Oncotarget

Research Papers:

Prognostic significance of AMPK in human malignancies: A meta-analysis

Ji Cheng, Xiaoming Shuai, Jinbo Gao, Ming Cai, Guobin Wang _ and Kaixiong Tao

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Oncotarget. 2016; 7:75739-75748. https://doi.org/10.18632/oncotarget.12405

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Abstract

Ji Cheng1, Xiaoming Shuai1, Jinbo Gao1, Ming Cai1, Guobin Wang1, Kaixiong Tao1

1Department of Gastrointestinal Surgery, Union Hospital, Tongji Medical College, Huazhong University of Science and Technology, Wuhan, China

Correspondence to:

Kaixiong Tao, email: kaixiongtaowhuh@126.com

Keywords: AMPK, prognosis, cancer, meta-analysis, malignancies

Received: May 23, 2016    Accepted: September 20, 2016    Published: October 03, 2016

ABSTRACT

Background: AMPK is a well-investigated kinase mediating cellular metabolism and stress responses. However, its indicative role in survival prognosis remains ill-defined. Therefore we performed this meta-analysis in order to clarify the prognostic impact of AMPK expression in human malignancies.

Methods: Literatures were retrieved via searching databases of PubMed, Web of Science, Embase and Cochrane Library. Studies comparing the prognostic significance between different AMPK levels among human malignancies were included into the pooled analysis. The statistical procedures were conducted by Review Manager 5.3 and the effect size was displayed by model of odds ratio. Subgroup analyses were additionally implemented to disclose the potential confounding elements. The outcome stability was examined by sensitivity analysis, and both Begg’s test and Egger’s test were utilized to detect the publication bias across the included studies.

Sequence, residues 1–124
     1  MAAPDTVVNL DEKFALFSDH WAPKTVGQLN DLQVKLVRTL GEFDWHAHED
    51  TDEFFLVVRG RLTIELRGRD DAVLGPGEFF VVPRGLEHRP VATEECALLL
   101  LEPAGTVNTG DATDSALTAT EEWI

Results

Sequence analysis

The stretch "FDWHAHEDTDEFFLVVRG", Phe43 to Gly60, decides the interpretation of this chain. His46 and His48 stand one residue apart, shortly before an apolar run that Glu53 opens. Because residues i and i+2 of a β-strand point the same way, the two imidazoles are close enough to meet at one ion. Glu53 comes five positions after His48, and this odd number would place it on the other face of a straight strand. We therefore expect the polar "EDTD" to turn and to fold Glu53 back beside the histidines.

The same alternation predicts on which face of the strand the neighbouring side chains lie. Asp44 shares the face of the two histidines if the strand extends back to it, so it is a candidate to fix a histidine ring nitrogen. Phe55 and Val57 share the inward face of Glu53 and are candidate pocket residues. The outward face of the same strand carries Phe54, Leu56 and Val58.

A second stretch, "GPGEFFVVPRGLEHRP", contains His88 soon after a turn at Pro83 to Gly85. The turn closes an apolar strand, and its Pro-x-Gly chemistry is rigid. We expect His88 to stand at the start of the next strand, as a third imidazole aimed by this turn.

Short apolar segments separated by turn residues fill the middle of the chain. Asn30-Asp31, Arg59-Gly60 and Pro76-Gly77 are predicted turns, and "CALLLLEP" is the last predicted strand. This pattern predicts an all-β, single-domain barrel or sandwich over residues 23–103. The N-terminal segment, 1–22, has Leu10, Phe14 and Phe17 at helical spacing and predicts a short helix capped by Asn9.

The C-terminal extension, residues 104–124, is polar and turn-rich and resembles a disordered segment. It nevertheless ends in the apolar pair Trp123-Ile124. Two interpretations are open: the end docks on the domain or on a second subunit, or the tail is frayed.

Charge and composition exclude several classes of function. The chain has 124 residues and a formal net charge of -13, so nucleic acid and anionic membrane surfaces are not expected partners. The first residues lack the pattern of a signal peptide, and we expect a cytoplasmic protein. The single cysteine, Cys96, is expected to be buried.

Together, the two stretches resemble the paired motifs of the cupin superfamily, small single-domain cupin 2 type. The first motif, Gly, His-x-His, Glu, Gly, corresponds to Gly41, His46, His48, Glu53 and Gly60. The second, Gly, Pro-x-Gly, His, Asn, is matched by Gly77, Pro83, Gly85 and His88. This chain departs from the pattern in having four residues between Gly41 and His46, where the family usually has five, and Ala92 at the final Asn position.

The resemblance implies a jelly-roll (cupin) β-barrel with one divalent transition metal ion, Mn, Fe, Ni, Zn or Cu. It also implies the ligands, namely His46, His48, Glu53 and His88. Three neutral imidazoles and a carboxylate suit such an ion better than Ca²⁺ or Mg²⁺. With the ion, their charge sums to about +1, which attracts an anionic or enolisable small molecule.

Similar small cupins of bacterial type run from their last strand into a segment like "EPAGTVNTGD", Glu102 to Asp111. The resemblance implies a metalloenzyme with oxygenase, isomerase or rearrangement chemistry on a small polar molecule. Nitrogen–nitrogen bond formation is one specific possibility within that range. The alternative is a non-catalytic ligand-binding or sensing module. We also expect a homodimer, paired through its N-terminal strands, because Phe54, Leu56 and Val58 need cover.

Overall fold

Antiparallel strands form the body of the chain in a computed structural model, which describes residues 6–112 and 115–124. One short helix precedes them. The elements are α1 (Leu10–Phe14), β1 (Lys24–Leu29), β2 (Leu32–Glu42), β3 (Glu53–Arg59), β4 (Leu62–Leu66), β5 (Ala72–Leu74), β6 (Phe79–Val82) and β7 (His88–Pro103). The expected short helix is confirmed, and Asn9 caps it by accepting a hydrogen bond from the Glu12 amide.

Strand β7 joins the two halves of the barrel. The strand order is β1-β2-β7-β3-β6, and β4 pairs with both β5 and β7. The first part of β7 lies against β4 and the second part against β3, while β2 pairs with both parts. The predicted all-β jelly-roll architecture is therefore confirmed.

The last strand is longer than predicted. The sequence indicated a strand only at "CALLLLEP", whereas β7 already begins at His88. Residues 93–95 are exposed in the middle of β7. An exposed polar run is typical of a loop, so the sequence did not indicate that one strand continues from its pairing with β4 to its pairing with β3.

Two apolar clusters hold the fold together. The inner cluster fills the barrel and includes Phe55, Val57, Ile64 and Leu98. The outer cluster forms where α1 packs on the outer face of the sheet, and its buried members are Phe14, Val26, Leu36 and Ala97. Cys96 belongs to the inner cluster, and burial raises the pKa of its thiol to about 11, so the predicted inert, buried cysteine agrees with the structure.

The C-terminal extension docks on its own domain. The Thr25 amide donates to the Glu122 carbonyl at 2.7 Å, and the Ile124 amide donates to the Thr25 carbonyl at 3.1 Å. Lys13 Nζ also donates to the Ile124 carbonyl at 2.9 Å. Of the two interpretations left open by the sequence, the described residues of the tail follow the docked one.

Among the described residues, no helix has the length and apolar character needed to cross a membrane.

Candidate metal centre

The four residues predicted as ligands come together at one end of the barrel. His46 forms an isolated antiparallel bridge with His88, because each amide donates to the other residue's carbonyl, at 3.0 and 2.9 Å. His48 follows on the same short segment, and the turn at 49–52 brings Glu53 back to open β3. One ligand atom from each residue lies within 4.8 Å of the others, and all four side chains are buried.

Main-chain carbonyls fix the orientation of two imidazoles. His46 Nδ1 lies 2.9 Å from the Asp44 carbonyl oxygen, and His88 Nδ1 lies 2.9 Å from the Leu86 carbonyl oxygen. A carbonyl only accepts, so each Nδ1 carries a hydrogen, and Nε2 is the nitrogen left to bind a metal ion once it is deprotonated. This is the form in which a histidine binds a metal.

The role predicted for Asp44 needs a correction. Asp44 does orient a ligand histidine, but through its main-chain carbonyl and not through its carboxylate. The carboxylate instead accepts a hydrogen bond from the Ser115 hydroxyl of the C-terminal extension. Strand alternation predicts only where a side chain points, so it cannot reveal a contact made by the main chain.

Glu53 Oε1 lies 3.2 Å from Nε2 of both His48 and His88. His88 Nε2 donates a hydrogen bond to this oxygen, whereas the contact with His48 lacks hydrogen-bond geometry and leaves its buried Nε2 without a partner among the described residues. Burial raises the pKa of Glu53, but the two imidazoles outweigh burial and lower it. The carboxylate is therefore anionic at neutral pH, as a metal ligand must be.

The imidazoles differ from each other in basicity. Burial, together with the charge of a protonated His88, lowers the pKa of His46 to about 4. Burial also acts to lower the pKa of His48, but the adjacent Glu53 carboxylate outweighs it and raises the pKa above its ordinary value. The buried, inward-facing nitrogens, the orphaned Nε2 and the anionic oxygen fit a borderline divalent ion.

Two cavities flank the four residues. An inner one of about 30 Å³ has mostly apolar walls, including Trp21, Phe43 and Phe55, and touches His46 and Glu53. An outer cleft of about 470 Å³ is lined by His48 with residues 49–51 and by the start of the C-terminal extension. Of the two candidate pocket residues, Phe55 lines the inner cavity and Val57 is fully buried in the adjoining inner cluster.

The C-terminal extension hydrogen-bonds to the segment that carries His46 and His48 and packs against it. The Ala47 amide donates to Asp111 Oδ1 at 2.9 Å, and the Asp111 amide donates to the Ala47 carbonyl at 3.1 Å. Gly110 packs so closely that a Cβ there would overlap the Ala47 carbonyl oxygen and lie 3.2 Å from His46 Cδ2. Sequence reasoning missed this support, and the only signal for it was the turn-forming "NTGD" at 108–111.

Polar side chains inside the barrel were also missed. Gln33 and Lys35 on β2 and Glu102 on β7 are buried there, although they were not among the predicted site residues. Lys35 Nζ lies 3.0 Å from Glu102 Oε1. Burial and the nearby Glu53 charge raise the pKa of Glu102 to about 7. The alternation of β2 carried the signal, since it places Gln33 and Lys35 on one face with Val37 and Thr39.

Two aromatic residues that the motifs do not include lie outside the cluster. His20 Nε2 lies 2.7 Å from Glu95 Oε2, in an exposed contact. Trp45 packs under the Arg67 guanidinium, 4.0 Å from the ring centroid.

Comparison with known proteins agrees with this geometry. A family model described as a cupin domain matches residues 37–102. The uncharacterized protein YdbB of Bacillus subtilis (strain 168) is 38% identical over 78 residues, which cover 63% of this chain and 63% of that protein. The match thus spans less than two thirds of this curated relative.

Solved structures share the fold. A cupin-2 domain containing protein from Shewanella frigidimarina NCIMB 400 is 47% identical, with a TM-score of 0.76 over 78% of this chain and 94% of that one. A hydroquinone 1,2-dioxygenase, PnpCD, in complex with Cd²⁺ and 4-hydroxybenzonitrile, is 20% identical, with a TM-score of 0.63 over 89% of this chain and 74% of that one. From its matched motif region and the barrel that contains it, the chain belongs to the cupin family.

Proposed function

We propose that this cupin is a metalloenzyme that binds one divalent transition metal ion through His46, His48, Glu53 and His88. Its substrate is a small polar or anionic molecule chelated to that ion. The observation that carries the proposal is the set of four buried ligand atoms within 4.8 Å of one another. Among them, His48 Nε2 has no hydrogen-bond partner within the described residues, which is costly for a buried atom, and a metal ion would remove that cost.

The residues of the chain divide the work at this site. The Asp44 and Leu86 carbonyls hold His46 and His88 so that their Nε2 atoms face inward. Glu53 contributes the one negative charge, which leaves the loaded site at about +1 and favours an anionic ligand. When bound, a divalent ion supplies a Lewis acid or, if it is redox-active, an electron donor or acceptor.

Results: 21 retrospective cohorts were eventually obtained with a total sample-size of 9987 participants. Patients with higher AMPK expression had better outcomes of 3-year overall survival (P<0.0001), 5-year overall survival (P<0.0001), 10-year overall survival (P<0.0001), 3-year disease free survival (P<0.0001), 5-year disease free survival (P=0.002) and 10-year disease free survival (P=0.0004). Moreover, the majority of subgroup results also verified the favorably prognostic significance of AMPK over-expression. The outcome stability was confirmed by sensitivity analysis. Results of Begg’s (P=0.76) and Egger’s test (P=0.09) suggested that there was no publication bias within the included trials.

Conclusions: Higher expression of AMPK significantly indicates better prognosis in human malignancies.


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